Thursday, December 21, 2006

Artists And Their Works At A Gallery.

Bad things are bound to happen when you are at the wrong place at the wrong time talking to the wrong people about subjects as wrong as texture, color, intensity, balance, concept, stroke, media and things that make a lot sense only to artists, art collectors, art brokers and agents and those who pretend they know a few things about a painting to engage in an animated conversation, comparing a drawing of a gold fish with works by famous people whose names I can't even pronounce.
She said I should put on a black shirt with a matching black pants and a pair of black English shoes. It's not the kind of clothes I usually put on unless there's a funeral going on but she said it's about the safest thing to wear to an official opening of an art gallery, as safe as putting on the safety boots when you are on a rig to work the 12-hour evening shift. Maybe even safer than being in the comfort of a mother's womb. I trust her one hundred percent to go get me a black shirt that cost me quite a bit of money and a pair of black jeans that cost me even more money.
We arrived on time to find the place quite empty but she had a job to do. She said go ahead make yourself at home and started to make a lot of phone calls on her cellphone. I was free to wander about to gawk at the paintings they had set up on the walls with down lights trained at an angle to enhance the visual impact of a painting of part salmon part remote controller and part chopping board. It had a strange title, Metamorphosis, which got me thinking this must be some kind of a riddle and so I tried looking at it from a different angle but the more I tried to do that the more I was drawn to make the conclusion that the artist didn't know any better how to draw a decent shape of a fish.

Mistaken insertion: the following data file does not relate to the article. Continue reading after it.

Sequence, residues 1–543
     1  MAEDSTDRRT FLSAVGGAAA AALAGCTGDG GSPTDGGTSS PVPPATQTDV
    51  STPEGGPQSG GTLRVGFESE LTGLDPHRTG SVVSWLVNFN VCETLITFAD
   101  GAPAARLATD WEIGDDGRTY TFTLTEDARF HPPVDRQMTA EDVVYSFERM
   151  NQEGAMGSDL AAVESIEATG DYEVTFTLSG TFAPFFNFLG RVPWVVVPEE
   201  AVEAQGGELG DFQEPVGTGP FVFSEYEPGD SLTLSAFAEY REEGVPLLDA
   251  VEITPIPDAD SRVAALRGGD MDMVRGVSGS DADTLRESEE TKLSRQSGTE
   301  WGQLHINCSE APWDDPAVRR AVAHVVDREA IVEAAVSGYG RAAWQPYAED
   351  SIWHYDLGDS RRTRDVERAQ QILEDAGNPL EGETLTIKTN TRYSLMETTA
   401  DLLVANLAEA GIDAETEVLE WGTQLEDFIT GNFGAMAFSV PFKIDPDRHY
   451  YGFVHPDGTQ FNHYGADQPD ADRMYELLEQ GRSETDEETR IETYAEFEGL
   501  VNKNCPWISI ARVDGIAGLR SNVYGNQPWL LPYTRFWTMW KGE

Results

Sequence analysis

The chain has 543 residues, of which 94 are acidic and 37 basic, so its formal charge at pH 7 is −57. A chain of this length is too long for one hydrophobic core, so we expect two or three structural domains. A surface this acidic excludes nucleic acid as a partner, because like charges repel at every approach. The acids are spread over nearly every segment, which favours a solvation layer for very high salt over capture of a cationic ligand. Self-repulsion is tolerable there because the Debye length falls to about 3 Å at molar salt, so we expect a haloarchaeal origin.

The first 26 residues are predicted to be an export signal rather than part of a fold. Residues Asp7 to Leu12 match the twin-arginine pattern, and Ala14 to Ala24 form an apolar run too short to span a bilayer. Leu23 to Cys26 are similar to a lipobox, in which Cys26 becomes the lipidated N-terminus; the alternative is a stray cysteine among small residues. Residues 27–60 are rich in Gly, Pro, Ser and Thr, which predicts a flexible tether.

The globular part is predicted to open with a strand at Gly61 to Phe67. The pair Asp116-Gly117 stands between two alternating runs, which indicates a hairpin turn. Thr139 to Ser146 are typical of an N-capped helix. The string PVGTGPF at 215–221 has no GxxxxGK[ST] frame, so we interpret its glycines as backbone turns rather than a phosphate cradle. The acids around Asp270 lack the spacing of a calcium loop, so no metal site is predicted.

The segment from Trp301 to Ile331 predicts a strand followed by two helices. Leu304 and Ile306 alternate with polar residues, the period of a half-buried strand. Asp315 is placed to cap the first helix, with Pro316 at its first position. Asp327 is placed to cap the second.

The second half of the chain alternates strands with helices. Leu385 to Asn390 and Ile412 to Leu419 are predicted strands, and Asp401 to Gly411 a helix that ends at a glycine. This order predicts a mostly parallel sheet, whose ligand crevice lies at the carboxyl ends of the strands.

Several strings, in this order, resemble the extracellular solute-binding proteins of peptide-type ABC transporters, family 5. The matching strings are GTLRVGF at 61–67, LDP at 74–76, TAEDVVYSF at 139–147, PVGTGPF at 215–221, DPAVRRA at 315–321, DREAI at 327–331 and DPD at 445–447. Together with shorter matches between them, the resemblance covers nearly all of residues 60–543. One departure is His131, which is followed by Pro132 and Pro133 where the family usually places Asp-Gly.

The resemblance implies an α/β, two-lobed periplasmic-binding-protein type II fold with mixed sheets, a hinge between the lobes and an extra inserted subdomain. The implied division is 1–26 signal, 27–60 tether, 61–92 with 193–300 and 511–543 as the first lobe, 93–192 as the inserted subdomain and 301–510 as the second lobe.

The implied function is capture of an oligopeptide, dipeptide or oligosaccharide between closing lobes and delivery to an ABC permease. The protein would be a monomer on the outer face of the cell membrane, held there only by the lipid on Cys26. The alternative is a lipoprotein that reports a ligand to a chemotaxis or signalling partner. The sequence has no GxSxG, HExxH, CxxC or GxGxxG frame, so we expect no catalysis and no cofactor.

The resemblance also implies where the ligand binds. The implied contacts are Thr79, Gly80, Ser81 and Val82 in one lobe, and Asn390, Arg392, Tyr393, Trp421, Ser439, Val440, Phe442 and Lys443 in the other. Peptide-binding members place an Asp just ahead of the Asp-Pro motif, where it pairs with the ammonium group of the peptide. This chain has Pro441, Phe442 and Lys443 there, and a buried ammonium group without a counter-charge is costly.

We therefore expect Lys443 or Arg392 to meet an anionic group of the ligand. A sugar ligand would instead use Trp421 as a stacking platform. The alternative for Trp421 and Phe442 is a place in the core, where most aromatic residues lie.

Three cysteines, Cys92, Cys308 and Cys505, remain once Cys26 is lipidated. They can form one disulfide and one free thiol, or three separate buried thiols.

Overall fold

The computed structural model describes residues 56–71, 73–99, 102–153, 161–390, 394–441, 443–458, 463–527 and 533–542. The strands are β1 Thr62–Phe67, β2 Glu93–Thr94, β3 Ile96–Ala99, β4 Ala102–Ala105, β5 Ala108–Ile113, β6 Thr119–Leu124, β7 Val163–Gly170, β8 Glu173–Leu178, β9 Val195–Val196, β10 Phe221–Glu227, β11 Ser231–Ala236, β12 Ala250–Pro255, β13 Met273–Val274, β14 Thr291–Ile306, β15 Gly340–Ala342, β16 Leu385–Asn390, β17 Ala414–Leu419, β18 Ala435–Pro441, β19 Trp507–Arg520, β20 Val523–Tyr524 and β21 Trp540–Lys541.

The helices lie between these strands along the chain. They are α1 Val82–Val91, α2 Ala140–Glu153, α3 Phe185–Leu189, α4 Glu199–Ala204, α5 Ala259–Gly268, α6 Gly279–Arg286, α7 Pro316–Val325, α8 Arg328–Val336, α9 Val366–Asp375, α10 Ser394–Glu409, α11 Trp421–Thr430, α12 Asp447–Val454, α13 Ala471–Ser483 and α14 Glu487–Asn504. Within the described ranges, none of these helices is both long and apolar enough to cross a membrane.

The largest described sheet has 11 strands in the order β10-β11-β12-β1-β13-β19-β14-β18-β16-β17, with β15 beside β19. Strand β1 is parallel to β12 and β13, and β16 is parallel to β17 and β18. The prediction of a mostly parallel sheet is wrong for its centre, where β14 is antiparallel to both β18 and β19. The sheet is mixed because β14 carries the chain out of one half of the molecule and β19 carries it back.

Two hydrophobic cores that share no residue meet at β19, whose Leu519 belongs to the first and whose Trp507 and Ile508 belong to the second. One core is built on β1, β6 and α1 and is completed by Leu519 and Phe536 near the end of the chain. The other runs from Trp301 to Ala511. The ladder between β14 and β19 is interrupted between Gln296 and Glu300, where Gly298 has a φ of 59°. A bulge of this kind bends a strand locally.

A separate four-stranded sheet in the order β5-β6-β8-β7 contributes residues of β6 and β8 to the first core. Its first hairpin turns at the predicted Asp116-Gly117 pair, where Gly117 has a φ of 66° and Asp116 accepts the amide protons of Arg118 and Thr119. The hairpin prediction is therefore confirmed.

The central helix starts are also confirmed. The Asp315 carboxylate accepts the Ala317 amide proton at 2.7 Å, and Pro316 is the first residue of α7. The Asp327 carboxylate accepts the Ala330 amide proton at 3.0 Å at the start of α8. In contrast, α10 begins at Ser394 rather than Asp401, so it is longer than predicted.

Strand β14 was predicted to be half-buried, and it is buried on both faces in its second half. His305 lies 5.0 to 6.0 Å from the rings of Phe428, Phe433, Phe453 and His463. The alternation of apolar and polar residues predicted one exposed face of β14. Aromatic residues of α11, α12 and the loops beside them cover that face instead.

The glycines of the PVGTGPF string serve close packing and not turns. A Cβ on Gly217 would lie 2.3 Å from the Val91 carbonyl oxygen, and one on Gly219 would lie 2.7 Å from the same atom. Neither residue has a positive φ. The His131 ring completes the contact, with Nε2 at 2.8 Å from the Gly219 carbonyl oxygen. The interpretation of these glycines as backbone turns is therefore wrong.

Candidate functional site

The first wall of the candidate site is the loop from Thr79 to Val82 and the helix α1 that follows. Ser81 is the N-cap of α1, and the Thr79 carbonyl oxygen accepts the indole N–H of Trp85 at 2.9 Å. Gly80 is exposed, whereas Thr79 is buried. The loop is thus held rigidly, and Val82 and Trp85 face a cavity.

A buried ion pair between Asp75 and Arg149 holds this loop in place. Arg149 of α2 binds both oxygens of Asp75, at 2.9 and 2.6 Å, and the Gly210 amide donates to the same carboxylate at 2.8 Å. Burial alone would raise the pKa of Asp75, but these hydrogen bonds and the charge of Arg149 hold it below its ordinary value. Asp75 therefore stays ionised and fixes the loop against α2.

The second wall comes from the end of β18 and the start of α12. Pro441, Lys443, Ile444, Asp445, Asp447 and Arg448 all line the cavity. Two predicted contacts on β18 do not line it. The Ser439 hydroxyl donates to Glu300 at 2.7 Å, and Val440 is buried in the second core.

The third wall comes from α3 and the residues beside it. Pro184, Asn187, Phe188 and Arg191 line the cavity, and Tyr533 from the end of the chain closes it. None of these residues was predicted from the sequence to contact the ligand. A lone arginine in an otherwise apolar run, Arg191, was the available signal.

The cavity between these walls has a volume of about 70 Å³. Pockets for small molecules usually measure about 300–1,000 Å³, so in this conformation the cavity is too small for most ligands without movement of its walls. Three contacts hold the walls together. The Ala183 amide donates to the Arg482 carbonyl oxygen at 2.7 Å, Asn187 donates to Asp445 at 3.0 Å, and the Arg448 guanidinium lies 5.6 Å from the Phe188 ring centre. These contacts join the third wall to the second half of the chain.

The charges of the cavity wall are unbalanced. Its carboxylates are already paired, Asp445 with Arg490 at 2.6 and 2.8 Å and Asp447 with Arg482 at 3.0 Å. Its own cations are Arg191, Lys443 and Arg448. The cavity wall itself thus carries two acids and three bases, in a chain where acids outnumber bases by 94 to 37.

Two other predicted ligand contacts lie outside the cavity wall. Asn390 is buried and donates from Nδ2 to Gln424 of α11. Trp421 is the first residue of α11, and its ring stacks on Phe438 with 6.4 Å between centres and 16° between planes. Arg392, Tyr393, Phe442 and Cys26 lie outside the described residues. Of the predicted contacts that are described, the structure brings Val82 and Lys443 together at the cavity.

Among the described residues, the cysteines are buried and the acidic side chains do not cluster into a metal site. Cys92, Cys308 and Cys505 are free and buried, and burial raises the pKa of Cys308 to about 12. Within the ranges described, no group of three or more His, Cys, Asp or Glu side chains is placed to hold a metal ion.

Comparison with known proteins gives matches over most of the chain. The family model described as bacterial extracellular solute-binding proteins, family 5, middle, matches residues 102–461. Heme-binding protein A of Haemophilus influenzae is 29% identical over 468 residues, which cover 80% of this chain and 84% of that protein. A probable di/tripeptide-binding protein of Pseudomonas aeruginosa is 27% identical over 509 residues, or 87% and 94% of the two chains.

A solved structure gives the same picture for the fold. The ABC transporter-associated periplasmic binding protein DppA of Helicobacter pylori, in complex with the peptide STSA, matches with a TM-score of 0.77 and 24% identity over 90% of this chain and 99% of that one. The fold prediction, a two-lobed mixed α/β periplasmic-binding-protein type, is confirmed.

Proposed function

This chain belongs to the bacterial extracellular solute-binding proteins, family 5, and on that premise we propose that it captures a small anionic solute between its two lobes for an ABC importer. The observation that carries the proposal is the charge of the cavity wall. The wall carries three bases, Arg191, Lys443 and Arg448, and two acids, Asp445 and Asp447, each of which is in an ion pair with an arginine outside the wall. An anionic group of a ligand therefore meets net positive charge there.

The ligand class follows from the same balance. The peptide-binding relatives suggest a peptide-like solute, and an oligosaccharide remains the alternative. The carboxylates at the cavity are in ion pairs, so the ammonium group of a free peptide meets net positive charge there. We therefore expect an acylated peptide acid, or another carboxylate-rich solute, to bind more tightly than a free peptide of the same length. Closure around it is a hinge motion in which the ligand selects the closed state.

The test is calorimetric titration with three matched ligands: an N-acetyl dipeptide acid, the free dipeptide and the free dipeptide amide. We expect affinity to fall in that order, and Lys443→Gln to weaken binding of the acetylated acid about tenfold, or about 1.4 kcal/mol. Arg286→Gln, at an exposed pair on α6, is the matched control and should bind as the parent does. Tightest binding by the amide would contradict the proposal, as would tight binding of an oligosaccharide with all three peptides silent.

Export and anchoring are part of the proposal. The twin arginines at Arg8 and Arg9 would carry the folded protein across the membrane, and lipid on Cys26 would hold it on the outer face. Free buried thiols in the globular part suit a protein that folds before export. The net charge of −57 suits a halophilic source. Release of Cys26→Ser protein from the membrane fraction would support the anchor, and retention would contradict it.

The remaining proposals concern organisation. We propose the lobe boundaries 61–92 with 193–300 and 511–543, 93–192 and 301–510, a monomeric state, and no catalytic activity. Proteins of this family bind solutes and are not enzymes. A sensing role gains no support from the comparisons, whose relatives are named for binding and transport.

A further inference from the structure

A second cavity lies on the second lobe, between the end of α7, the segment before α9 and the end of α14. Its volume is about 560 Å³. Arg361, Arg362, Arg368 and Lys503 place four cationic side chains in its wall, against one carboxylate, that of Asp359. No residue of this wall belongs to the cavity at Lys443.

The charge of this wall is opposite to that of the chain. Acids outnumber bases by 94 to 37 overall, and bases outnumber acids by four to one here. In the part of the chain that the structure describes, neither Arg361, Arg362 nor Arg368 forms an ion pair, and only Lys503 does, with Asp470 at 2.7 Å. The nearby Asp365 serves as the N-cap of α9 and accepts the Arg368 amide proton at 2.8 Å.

People started to arrive in groups, fashionable people in trendy clothes, people who know how to start and end a conversation with a fashionable laugh and air kisses. A woman came up to me to ask if any of my works on display and so I said, no ma'am, I am not an artist. She said, you are a polite gentleman. I said, thank you ma'am.
There were speeches and a lot of clap clap clap of the hands and smiles and polite things people say to each other. Someone said something funny and everyone laughed.
Are you okay? She asked.
Yea, I'm doing all right.
Good, make yourself at home, go mix around, get to know people, connect, network, it's good for your business, say something intelligent, do this, do that, don't do this, don't do that. Don't give me that funny look.
Don't get me wrong. I have nothing against people paying good money for a piece of painting of a gold fish that looked like alien space craft, or a mini sub with over-sized headlights. I am pro-art. But tell me if you know a thing or two about art, how come some painting with a title say , Serenity By A Pond, is nothing but a riot of colors crisscrossing and overlapping one another that in the end the whole composition looks anything but a serene scene of a pond? In fact you'd be pissed blind if you try to look anything that resembles a pond in the painting.